3. Having always taken an active part in the life of the nation, the Catholic Church wishes to offer her proper contribution to the progress of the Maltese people. Drawing from her centuries-old experience of assisting both individuals and society, the Church in Malta is deeply aware of her obligation to interpret the signs of the times in the light of the Gospel and to respond to the opportunities and challenges of the present day in a manner consonant with her religious mission. As the Bishops at the Second Vatican Council had occasion to point out, the Church is motivated by no earthly ambition (Cfr. Gaudium et Spes, 3), and " has no desire to become involved in the government of the temporal order "(Ad Gentes, 12). Instead, she is committed to carry on Christ’s work by faithfully labouring for the salvation of all mankind and each individual, " considered whole and entire, with body and soul, heart and conscience, mind and will " (Gaudium et Spes, 3).
As she bears witness to the love of Jesus Christ, the Church strives to unite all people of good will in a spirit of mutual respect and effective solidarity (Ibid.). In her ministry, she " heals and elevates the dignity of the human person,... consolidates society and endows the daily activity of men with a deeper sense and meaning " (Ibid. 40). Indeed, by being faithful to her identity and proper mission, the Church is convinced that she " can contribute much to humanizing the family of man and its history through each of its members and its community as a whole " (Gaudium et Spes, 40).
Consequently, it is in the interest of everyone that the Church in the first place, as well as all those who are genuinely concerned for the good of individuals and society, should strive to preserve the Church’s autonomy of action. It is important that the Church should enjoy freedom in the institutional and administrative spheres and that she should be free from all undue pressures, obstacles and manipulation. In a word, it is essential that the Church should be enabled to act effectively in fulfilling her mission to all people, showing herself to be what she truly is— the mother of all the baptized (Cfr. Lumen Gentium, 64), and, in a certain sense, of all mankind. Following the indications of the Second Vatican Council, the Church, in solidarity with the entire human family, expresses her love for that family by entering into dialogue with it on all the problems that affect it (Cfr. Gaudium et Spes, 3).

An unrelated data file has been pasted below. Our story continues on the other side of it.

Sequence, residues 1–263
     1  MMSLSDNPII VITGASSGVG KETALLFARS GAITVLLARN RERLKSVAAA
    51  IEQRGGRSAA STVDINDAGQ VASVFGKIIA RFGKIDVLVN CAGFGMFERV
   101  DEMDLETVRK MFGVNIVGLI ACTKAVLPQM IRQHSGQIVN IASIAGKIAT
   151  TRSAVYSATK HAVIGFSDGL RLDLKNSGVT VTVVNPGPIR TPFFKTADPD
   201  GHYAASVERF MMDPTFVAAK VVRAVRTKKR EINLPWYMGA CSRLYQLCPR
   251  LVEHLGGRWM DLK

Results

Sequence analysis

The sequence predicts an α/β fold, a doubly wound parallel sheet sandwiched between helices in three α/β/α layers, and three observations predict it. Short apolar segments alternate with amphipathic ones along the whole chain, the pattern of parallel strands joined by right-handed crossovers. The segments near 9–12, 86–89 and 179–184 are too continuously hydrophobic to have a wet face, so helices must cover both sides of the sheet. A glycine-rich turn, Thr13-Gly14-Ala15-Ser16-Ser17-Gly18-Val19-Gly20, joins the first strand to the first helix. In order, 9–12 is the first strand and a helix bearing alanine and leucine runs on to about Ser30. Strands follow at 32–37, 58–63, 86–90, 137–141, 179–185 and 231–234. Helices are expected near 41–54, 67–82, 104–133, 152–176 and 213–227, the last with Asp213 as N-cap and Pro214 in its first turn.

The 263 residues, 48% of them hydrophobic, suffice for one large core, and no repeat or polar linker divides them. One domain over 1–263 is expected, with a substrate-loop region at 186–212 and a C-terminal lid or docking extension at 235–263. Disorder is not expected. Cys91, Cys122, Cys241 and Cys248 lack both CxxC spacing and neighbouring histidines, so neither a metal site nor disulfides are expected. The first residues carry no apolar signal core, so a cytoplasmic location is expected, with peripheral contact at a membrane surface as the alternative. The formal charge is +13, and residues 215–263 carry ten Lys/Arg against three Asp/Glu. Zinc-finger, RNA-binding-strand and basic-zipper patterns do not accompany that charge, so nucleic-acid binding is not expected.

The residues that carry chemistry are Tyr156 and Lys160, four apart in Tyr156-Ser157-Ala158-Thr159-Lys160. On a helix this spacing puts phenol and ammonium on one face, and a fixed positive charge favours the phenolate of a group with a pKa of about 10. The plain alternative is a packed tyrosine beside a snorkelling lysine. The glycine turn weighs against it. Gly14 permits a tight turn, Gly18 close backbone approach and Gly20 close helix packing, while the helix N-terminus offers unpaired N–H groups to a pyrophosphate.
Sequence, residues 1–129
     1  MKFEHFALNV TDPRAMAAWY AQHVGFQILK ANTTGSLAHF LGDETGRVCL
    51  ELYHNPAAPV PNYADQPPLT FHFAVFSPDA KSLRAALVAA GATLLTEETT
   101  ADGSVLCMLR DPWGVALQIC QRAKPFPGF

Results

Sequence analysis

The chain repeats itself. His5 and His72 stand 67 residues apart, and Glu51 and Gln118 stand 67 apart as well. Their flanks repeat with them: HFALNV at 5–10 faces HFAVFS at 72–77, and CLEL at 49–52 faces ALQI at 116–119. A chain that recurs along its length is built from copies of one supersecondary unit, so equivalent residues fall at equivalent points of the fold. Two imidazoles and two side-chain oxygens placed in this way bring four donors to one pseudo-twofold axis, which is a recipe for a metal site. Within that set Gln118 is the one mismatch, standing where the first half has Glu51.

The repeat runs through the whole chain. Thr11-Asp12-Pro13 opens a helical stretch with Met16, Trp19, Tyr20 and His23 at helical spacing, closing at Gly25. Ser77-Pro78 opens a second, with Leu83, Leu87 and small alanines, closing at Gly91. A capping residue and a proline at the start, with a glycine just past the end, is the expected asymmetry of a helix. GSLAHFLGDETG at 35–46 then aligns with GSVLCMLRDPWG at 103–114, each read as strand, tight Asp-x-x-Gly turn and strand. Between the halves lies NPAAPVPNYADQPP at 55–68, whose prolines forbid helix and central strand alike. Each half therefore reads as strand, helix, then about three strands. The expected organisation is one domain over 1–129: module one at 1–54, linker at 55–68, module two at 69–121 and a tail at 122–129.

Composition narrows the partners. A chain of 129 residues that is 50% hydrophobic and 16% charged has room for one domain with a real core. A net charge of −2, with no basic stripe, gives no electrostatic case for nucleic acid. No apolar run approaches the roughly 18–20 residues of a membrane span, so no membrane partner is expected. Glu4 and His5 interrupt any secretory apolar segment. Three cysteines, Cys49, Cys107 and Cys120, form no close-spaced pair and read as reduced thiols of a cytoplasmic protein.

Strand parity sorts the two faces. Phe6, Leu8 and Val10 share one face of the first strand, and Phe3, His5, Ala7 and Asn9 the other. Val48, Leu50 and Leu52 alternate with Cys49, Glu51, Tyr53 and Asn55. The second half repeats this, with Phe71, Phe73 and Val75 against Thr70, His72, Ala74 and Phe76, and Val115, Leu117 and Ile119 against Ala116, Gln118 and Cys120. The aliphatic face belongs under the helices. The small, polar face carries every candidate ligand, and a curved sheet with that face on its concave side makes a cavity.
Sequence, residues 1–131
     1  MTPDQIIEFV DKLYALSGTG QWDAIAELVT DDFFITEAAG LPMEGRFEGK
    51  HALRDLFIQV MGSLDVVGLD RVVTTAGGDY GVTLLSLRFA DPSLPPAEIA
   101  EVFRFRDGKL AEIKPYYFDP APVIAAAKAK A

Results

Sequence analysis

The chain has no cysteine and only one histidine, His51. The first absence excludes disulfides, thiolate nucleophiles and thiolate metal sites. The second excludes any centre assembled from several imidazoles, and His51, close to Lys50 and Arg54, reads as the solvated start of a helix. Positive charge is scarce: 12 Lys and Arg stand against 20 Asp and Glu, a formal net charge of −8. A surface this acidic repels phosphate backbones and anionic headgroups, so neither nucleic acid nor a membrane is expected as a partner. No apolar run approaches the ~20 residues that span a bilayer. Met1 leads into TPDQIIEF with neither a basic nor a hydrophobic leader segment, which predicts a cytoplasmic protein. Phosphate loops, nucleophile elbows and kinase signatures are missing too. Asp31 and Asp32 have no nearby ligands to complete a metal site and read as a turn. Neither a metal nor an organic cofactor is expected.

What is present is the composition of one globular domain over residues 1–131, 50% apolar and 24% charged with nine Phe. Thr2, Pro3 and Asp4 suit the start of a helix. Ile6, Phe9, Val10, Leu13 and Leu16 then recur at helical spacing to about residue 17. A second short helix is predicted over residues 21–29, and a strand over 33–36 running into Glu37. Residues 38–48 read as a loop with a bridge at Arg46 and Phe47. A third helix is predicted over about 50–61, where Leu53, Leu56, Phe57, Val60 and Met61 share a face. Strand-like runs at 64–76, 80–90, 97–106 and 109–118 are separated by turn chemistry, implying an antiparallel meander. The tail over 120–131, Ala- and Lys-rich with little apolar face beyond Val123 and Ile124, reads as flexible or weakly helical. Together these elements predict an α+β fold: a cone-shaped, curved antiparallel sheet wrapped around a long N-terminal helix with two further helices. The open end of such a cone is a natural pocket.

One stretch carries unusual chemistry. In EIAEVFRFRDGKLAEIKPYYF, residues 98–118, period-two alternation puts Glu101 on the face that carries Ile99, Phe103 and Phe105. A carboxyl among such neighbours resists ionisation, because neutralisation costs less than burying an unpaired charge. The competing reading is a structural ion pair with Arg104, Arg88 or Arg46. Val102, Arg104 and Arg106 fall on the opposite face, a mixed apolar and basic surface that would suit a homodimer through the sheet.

In this regard, I cannot fail to note positive results from the continuing talks between the Maltese Government and the Holy See, the latter acting in close cooperation with Malta’s Bishops. So far, these talks have borne fruit in agreements which express and promote values which are an essential part of Malta’s historical, cultural and institutional patrimony, while also enabling the Church to continue to offer her contribution to that patrimony in full accordance with her distinct character and the requirements of her universal law. I am confident that in matters of common interest and with respect for the highest principles of freedom, justice and democracy, further agreements will soon be concluded.
4. Within the international community, Malta is widely respected for its initiatives aimed at strengthening understanding, cooperation, peace, and well-being among peoples. I am pleased to express also the Holy See’s appreciation for these initiatives.
The presence among us of the many diplomats accredited to the Republic of Malta reflects the high esteem which your nation enjoys within the international community. In thanking them for their kind presence both at my arrival and at this ceremony, I ask them to convey to their respective Heads of State, Governments and people my warm greetings and best wishes. Distinguished Members of the Diplomatic Corps: it is my fervent hope that your efforts to promote harmonious and mutually beneficial relations between your nations and the Republic of Malta will make a lasting contribution to the security and progress both of the Mediterranean area and of the entire world.
Ladies and Gentlemen: I am deeply grateful for the kindness and hospitality with which you have welcomed me. As I continue my Pastoral Visit, I cordially invoke upon you and upon all the beloved people of Malta the abundant blessings of Almighty God.
*Insegnamenti di Giovanni Paolo II, vol. XIII, 1 pp. 1407-1411.
L'Osservatore Romano (Supplemento) 30.5.1990 pp. II, III.
L'Osservatore Romano. Weekly Edition in English n.22 pp. 2, 6.
© Copyright 1990 - Libreria Editrice Vaticana